Is there anything you can say to a reluctant friend or family member to persuade them COVID-19 vaccination is the right choice for them? The short answer is: 'yes,' says UT Southwestern's Sonja Bartolome. M.D.
The COVID-19 vaccines are ready in record time, but we know you have questions about how they work, safety, and side effects. So here are some evidence-based answers from one of UT Southwestern's medical professional who will be among the first in line to take the shot.
Good news! Early COVID-19 vaccine trial data suggest vaccination is safe in pregnancy and breastfeeding – and may benefit both mom and baby. Dive into data from three of the latest clinical trials in this week’s Your Pregnancy Matters blog.
The excitement surrounding COVID-19 vaccines has been tempered by the emergence of several variants of the SARS-CoV2 virus. UT Southwestern infectious diseases expert David Greenberg, M.D., has been tracking the variants and the vaccines' effectiveness against them.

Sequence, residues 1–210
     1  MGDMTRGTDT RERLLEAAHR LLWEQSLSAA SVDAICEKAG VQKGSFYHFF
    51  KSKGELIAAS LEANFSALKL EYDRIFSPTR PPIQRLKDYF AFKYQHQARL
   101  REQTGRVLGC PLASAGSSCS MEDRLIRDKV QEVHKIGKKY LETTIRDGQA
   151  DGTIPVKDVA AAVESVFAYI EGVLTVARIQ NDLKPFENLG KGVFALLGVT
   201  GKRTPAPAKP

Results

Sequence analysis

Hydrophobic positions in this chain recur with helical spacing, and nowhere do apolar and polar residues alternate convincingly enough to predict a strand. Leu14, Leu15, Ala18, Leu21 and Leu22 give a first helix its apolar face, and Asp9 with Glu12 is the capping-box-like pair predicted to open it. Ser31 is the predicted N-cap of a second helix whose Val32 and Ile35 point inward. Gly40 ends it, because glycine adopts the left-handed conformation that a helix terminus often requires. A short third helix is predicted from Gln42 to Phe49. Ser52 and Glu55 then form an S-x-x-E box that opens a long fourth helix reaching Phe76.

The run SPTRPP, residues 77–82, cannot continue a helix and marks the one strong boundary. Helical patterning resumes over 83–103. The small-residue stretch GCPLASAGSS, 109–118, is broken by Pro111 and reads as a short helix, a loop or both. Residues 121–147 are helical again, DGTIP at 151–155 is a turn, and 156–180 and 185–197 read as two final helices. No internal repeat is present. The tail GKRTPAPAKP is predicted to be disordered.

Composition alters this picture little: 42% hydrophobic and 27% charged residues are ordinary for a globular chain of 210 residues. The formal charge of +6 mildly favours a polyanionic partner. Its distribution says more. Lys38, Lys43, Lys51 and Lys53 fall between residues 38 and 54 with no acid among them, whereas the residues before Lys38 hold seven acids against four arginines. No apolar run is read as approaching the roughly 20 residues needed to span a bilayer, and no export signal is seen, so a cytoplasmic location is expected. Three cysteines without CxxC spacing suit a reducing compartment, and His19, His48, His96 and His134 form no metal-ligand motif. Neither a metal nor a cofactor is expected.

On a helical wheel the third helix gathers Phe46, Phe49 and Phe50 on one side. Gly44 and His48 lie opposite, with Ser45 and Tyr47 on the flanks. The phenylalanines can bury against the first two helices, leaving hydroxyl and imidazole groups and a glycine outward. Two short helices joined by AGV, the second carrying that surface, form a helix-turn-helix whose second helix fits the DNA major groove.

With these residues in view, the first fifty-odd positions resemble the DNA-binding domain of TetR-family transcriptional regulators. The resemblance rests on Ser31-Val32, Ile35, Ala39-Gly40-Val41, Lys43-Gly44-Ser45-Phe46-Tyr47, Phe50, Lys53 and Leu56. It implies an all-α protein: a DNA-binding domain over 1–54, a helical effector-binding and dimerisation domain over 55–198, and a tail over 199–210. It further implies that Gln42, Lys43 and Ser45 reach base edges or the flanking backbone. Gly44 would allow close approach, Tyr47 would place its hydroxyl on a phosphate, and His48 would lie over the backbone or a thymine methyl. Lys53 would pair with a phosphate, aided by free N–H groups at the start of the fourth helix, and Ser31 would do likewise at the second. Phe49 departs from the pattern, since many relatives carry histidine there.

As more people get fully vaccinated against COVID-19, the natural question becomes: when will life return to normal? Brad Cutrell, M.D., an infectious diseases specialist at UT Southwestern, gives you the real answers.
You can get COVID-19 even if you do everything right. Dr. Sonja Bartolome and her husband found that out this winter. Get their action plan to keep the rest of the family safe if the virus hits your home.
Pregnant patients are now eligible to get the safe, effective COVID-19 vaccine. Robyn Horsager-Boehrer, M.D., offers logistical tips and information patients need to make their personal vaccination decisions.
Having highly effective COVID-19 vaccines is only half the battle. Kavita Bhavan, M.D., a UT Southwestern infectious diseases specialist, has devised successful strategies to break through the barriers to trust in communities of color, helping them feel more confident about getting vaccinated.
COVID-19 vaccines represent our best chance of ending the pandemic, but a strong current of resistance and disinformation is sabotaging the effort to protect people from the virus. UT Southwestern's Sonja Bartolome, M.D., separates the vaccine myths from the realities.